Demand for oil in the six segments that simply cannot stop are impervious to economic slowdown (plastics, oceangoing freight, train freight, fertilizer, aviation, modern armies). Regardless of consumer slowdowns, these six segments represent 80% of oil and net gas consumed around the world. When economies slow down, the food, freight, aviation and military segments do not, they continue on. A recession in Europe or China would only slow the rise in demand, not reverse it. Look at the demand trend of the past year and understand that even if demand only rises at one half the slope is has followed from 2004 until now, it will still outstrip current expected global production for Q1 2015. Oil price strip is highly elastic to tiny percentage changes in the supply-demand balance. Current situation is creating the coiled spring and that coiled spring WILL unwind before the end of 2015.
We just hope it is a measured controlled unwind throughout the year, otherwise we will have the $140 spike we saw in 2008 for a month or two before settling down to something in the $90 – $100 brent range.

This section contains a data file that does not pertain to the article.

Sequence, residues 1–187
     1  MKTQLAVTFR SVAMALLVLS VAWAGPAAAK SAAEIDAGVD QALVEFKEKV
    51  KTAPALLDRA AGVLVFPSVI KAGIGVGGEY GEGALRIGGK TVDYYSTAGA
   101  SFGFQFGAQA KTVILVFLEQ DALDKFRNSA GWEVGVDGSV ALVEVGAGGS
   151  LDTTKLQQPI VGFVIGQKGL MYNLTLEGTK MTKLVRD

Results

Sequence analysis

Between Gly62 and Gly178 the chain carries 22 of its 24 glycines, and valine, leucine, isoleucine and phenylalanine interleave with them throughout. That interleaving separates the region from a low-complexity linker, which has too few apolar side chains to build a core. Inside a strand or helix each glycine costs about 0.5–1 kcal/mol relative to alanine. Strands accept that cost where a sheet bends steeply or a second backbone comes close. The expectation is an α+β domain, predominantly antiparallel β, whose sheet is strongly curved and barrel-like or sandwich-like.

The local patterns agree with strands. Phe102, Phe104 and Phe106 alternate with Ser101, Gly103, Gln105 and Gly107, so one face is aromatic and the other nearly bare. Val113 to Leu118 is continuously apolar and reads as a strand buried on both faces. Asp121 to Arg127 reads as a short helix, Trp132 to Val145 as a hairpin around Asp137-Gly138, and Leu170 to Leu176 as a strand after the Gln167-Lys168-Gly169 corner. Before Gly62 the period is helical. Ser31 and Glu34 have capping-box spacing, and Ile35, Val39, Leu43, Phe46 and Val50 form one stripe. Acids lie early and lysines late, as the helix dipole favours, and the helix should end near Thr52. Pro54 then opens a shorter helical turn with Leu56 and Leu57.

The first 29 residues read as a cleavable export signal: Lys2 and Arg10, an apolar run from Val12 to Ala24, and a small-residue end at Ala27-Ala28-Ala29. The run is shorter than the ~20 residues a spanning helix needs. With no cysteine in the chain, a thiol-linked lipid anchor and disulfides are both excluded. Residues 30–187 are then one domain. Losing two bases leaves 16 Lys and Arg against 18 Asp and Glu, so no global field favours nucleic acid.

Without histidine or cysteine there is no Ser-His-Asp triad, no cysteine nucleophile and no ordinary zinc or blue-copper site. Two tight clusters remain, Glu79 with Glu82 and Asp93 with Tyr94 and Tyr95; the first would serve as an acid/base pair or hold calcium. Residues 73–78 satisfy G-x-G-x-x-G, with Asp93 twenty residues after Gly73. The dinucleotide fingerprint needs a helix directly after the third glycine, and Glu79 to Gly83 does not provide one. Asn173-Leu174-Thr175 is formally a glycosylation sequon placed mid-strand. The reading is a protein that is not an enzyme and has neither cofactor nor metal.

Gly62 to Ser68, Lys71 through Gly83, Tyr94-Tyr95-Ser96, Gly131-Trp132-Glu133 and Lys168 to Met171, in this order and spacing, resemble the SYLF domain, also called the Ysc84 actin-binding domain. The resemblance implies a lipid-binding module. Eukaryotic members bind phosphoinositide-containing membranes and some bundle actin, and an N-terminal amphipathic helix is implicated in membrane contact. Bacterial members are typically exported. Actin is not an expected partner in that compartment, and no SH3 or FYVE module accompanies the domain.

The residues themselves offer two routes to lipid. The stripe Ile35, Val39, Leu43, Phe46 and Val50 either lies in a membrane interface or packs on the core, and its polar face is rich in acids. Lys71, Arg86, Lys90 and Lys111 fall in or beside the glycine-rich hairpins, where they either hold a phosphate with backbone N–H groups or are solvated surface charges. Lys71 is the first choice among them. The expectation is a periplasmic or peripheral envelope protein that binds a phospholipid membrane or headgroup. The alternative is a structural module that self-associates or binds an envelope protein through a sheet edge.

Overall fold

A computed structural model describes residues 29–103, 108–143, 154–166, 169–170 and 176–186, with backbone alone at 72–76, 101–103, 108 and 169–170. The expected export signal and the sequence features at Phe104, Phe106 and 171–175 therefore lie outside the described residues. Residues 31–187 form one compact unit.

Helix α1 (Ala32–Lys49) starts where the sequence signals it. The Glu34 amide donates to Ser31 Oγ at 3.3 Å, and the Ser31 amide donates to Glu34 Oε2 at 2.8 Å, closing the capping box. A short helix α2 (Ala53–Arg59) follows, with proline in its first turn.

Set your DCF and NAV models for $90 brent / $85 WTI. This is going to get ugly before the weather gets cold again in 2015. I’m willing to go out on a limb and say you can quote me on this one.
Here is the reality when Brent is $70/bbl for more than one or two months…
1. Venezuela is cash flow negative and cannot make coupon payments on its foreign debt. Venezuela WILL default on its debt before end of 2015 in this price regime.
2. Iran cannot feed its army at this price. The mullahs depend on the support of their army to maintain power. Kicking this leg out from under the government stool makes their continued existence precarious. Martial law kind of precarious.